How much does a remortgage valuation cost?
The cost of a remortgage valuation is determined by the size and value of your property, with fees typically ranging from £250 to £1,500. Generally, you are responsible for covering the valuation expenses unless you qualify for a free valuation as part of your remortgage package, which is often available. It's important to understand that a remortgage valuation differs from a comprehensive home buyer's survey, as it primarily serves the lender's interests rather than providing detailed information on the property's condition or necessary repairs. The valuation report is usually concise, spanning only 2 to 3 pages, and it may not be readily accessible to you, although you can inquire about it as some lenders may choose to share it while others may not.
In the UK, free valuations are a common offering provided by many lenders as an incentive to attract borrowers. A free valuation means that the cost of the property valuation is covered by the lender, relieving the borrower of the financial responsibility.
With a free valuation, the lender arranges for a qualified surveyor to assess the property and determine its value. This valuation helps the lender determine the loan-to-value ratio and assess the risk associated with the mortgage. While the valuation is conducted for the lender's benefit, it provides the borrower with an estimate of the property's current worth.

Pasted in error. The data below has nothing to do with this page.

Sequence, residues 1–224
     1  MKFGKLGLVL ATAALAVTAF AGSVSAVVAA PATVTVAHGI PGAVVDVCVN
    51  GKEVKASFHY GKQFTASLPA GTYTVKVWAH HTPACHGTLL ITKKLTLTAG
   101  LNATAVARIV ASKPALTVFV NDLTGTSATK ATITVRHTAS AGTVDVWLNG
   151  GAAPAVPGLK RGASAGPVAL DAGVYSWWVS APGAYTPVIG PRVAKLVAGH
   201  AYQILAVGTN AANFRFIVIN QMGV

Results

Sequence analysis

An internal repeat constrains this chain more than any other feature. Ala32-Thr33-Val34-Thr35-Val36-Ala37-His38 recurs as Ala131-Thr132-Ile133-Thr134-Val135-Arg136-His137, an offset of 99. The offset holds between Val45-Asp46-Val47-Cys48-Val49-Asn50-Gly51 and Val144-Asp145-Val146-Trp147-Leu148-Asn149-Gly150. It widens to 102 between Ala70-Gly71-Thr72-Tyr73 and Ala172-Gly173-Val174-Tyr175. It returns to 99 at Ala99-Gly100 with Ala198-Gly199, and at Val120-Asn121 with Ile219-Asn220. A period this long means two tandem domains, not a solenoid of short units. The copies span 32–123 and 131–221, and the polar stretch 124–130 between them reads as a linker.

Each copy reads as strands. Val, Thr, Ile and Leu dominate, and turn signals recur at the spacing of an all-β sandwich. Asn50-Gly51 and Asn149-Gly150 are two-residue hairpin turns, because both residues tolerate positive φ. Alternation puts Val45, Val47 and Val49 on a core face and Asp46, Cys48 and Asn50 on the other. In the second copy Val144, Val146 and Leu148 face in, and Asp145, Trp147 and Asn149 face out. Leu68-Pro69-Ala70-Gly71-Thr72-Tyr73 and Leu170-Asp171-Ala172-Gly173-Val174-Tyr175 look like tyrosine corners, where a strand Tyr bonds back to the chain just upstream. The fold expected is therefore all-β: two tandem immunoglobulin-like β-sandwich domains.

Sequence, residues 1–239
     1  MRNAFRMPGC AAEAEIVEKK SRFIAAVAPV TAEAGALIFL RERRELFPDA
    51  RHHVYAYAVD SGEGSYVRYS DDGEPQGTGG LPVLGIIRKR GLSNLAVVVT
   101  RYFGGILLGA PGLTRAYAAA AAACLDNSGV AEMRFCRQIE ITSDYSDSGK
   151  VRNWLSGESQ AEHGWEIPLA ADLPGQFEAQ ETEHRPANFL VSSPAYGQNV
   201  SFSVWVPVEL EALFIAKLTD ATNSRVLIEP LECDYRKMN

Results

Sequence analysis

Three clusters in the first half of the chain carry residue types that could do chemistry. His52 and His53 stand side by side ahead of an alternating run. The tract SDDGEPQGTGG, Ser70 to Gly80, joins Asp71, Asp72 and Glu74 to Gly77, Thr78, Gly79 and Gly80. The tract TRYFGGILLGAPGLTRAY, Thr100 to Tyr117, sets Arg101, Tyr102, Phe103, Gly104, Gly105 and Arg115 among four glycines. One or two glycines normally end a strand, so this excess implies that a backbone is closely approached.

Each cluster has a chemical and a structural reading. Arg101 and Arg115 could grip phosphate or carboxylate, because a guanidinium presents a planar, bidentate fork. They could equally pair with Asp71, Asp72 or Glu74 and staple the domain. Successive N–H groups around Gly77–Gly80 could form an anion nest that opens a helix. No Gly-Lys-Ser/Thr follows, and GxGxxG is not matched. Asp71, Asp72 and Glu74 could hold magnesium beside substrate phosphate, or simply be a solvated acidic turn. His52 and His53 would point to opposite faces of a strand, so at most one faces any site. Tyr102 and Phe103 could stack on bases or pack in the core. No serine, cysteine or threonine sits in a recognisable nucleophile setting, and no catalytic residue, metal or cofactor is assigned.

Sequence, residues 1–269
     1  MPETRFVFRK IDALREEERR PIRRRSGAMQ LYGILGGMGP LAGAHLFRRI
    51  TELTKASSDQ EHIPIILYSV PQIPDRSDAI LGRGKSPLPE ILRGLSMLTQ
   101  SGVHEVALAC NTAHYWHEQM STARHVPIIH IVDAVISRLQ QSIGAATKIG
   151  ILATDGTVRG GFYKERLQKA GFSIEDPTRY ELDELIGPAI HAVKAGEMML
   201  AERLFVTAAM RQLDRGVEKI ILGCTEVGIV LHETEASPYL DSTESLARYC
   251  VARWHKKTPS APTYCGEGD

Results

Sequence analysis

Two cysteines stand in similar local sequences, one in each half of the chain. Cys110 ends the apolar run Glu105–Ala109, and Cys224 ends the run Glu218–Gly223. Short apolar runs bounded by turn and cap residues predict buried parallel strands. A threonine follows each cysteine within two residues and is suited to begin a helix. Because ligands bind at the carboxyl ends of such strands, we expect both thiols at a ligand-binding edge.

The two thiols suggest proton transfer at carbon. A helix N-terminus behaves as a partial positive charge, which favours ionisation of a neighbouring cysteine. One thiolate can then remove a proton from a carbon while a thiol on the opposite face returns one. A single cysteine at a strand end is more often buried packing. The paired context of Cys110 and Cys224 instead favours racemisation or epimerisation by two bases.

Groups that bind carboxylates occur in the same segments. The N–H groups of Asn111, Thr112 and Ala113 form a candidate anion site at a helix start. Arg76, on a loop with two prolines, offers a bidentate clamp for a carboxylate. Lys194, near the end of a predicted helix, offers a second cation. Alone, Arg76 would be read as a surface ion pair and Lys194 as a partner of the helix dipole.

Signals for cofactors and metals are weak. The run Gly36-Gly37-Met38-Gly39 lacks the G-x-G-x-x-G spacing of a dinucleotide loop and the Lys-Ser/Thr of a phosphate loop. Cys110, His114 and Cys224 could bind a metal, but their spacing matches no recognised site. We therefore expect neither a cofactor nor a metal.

It's important to note that although the valuation itself may be free, there may still be other fees involved in the remortgage process, such as arrangement fees, legal fees, or administration charges. It's advisable to carefully review the terms and conditions of the remortgage offer to understand all associated costs and benefits.
Overall, the availability of free valuations in the UK remortgage market can provide borrowers with cost savings, making it an attractive option when considering switching lenders or obtaining a new mortgage deal.